Screenwriting Pitfall #6: Pitching Pitfalls

Last Saturday marked the denouement of the Great American Pitchfest/Scriptfest, unless a miracle happens. I attended to take pitches—making it my first time sitting on the other side of an actual table as VP of Development. Sure, I was sad about what the end of GAPF meant to screenwriters, but I went into the event with high hopes!

I’m a pitch junkie and consider myself “good in a room.” Since that’s an important skill for a screenwriter, I thoroughly expected to meet a few soulmates. I have to admit, I saw a lot of passion! That makes up for a lot, and it fired up my desire to find something awesome!

After four hours, which is really a mini-version of most pitchfests, I ended up meeting a bunch of interesting screenwriters with a wide variety of projects. I’m not sure if I found anything that’s a fit for my company, but what really got my attention was the level of pitching. In a word—it stunk.

What happened???

The good news: I didn’t care how the screenwriters pitched. I didn’t care how nervous they were. I asked questions and was able to tell if the projects were right for my company. Unfortunately, not everyone will help you with your pitch. Some producers are a little more jaded. They look for a reason to say no. A bad pitch is a reason.

Don’t let bad pitching stand in the way of screenwriting success.

What went so wrong for so many? I saw some nerves, but those that had the worst pressed on anyway. Some brought the wrong kinds of pitching materials—or none at all—but they spoke well of their projects. My biggest surprise was how ONE THING continued to be a pitching problem pitch-after-pitch with a majority of screenwriters.

The problem:

They pitched the whole script, point-by-point.

Imagine someone telling you about a movie they just saw. They fumble through the plot, backtrack to add a good part. It takes a bit too long. It doesn’t make you want to go see the movie. It’s confusing.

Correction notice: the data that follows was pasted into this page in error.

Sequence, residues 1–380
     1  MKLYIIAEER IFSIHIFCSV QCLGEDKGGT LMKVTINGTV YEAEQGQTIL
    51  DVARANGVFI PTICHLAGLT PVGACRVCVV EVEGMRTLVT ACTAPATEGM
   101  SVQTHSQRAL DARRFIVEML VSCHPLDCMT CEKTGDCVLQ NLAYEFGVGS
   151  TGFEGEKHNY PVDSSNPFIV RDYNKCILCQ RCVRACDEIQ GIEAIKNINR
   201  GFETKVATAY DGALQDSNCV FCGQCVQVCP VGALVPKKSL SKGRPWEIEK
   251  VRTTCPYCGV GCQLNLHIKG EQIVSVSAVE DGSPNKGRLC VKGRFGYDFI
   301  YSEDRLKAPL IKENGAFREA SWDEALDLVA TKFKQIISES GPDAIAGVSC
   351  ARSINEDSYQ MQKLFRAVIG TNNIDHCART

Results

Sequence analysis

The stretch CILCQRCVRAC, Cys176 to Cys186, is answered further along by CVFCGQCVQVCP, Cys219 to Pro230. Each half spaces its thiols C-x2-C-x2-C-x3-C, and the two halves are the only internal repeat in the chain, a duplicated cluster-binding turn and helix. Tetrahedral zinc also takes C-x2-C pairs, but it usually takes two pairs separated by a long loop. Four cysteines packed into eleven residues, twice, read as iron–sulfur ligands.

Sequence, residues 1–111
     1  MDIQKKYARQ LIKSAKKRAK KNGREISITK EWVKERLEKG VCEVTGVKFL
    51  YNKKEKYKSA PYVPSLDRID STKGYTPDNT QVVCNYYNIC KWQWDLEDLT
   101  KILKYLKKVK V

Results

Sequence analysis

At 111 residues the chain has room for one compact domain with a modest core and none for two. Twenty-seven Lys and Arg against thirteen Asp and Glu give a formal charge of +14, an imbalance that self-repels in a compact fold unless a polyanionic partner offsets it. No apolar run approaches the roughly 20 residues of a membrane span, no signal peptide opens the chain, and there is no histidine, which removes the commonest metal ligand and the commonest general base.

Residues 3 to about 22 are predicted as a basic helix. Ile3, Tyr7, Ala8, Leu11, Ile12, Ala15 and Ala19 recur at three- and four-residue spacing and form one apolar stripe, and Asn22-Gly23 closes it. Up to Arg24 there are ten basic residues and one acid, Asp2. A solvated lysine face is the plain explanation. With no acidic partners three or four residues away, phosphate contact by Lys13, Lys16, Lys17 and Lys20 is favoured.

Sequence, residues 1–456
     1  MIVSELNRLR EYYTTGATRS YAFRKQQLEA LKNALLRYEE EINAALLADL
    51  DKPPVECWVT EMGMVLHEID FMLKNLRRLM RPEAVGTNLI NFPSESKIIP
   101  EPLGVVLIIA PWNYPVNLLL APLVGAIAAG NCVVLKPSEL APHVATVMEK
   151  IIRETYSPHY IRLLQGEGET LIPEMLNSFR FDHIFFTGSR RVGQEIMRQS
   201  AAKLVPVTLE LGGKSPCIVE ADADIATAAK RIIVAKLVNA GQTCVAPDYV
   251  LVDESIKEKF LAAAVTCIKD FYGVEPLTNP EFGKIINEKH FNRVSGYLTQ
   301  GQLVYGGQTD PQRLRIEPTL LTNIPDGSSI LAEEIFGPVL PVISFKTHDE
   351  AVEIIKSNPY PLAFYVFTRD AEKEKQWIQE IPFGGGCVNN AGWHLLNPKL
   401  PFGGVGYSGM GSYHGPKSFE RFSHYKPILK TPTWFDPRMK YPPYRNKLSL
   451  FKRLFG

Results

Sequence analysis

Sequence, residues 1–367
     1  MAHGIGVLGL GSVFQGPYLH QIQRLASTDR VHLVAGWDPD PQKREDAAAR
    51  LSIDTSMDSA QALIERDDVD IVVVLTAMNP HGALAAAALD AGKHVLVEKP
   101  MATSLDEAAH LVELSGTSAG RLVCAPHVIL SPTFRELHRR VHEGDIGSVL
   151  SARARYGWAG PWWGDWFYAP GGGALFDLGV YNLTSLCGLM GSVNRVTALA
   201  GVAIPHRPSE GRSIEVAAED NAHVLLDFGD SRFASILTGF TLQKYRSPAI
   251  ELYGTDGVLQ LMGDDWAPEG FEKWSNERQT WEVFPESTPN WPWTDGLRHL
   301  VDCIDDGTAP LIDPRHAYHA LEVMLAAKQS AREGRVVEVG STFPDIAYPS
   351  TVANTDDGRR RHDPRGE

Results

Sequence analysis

Uh… that’s not how you pitch. Even if you are the best storyteller EVER, that’s not how you pitch.

You are not trying to “tell a story” or “paint a picture.” (Those are in quotes for a reason. They’re old.) You are there to sell. And in the tradition of all great car salesmen everywhere, you do it with a little pizzazz, the least amount of words and end with something that the buyer can’t ignore. Of course, car salesmen end with a reduced price or a limited-time offer for a free undercarriage coating to protect your car from road salt. (Those of you that suffer through real winters, please explain it to the people in California.)

When done right, pitching is a sales tool. You highlight the most interesting parts and make them want to read your script. You make them want to ask you questions—not need to ask questions for clarification.

I had to wonder how many of the screenwriters practiced their pitches—and how they actually practiced. I’ve seen and tried many ways to prep, and I’ll share my habits in the extended blog post.

Just as a refresher, let’s discuss the kind of pitches you’ll encounter. I want us on the same page, before we cover how pitching your whole script is a bad idea—for EVERY kind of pitch.

You’ll encounter three kinds of pitches:

  1. The Written Pitch,
  2. The Skype Pitch, and
  3. The In-Person Pitch—that can be broken down into the following: 
    • Pitchfest Pitch—where you get 5 minutes to pitch to one producer at a time, with anywhere from 50-100 producers at the event, in a speed dating kind of way.
    • Elevator Pitch—when you get only a few seconds to pitch during an unexpected encounter.
    • Meet & Greet Pitch—when you are invited to pitch to a producer, meeting up at their office or an agreed upon location.

I’ll try to cover all of them in future pitfalls, but today we’ll just get into the in-person pitching. But I want to stress again, that when it comes to the pitching issue above, all versions of the in-person pitch will benefit from practicing—and avoiding the compulsion to lay out your concept in a plot-by-plot kind of style, which doesn’t work for friends or producers.